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Thank you for your response, Paulie, I appreciate your insight.
I do understand that the responsive aspect of design is relative to the viewport, and that targeting the design breakpoints relative to those different viewports is the primary purpose. So, that regardless of the viewport, the design layout is accessible, or displays as I desire.
What I am saying is you don’t target OS/browsers with media queries, you target viewport sizes.
Right, I understand that, but assuming that I am only targeting small viwports, i.e. mobile device viewports, to make layout changes, then media queries within the stylesheet should be recognized by all current devices, which would make the media queries not being recognized by older browsers a moot point for those devices/viewports, right? In other words, why would I need to ensure media query compatibility with older browsers if the smaller mobile viewports is the only segment that I am targeting for the responsive changes.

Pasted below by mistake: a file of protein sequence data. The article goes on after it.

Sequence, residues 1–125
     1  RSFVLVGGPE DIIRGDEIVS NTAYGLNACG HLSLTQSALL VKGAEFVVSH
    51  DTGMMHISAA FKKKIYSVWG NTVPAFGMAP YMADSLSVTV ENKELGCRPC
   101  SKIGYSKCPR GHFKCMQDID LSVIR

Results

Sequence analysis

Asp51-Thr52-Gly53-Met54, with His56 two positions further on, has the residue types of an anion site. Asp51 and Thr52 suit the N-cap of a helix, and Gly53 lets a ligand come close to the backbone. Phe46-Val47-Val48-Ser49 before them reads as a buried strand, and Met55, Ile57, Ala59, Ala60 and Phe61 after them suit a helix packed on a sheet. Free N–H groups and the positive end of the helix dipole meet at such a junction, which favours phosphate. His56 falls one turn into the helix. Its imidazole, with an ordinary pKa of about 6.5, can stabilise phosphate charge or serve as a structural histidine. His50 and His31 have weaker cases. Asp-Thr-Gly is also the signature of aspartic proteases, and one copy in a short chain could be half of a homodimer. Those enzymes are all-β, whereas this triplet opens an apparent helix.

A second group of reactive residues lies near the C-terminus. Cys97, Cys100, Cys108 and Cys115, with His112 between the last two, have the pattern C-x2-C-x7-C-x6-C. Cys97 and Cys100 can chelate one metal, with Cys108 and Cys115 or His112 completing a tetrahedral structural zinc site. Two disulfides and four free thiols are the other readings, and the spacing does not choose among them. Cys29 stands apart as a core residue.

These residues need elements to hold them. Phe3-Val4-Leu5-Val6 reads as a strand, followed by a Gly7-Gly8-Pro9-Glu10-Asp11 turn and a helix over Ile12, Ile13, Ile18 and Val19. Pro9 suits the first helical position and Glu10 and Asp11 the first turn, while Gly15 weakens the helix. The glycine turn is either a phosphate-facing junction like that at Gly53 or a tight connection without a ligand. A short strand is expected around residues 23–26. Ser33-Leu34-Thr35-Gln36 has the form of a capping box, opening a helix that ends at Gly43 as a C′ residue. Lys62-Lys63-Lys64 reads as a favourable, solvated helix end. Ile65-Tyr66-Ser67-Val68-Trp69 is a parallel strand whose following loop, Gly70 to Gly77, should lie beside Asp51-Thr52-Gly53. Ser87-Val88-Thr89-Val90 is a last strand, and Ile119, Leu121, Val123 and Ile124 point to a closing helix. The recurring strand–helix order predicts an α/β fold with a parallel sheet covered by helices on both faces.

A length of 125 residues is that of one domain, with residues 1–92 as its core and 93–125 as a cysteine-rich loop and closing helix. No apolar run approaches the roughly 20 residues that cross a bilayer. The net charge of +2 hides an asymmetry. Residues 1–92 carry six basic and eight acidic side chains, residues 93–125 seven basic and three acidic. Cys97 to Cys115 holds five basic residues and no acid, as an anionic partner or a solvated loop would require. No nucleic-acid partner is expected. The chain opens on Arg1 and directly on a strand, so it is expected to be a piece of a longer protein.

I guess that is the crux of my question. If I am initially only targeting mobile (small) viewports to change the design layout, and the desktop layout is served as essentially static, I wouldn’t need to worry about including respond, or css3 media queries js scripts to ensure older browser compatibility. This would only be relevent for desktop viewport changes where older browsers would come into play, is that correct?
As for older versions of IE (actually any version of IE)…has that ever been used on mobile device?
It was my understanding that the Windows phone browser was originally based on IE7, and enhanced with all the same features as the webkit browsers on competing platforms. So that if a website rendered or behaved incorrectly on desktop IE7 it would very likely have the same errors on the phone. But I have read that this is no longer a factor, as all Windows phones are now using an updated version where the old issues are no longer a problem. However, my understanding may be incorrect!
Thanks again, Paulie, for any insight.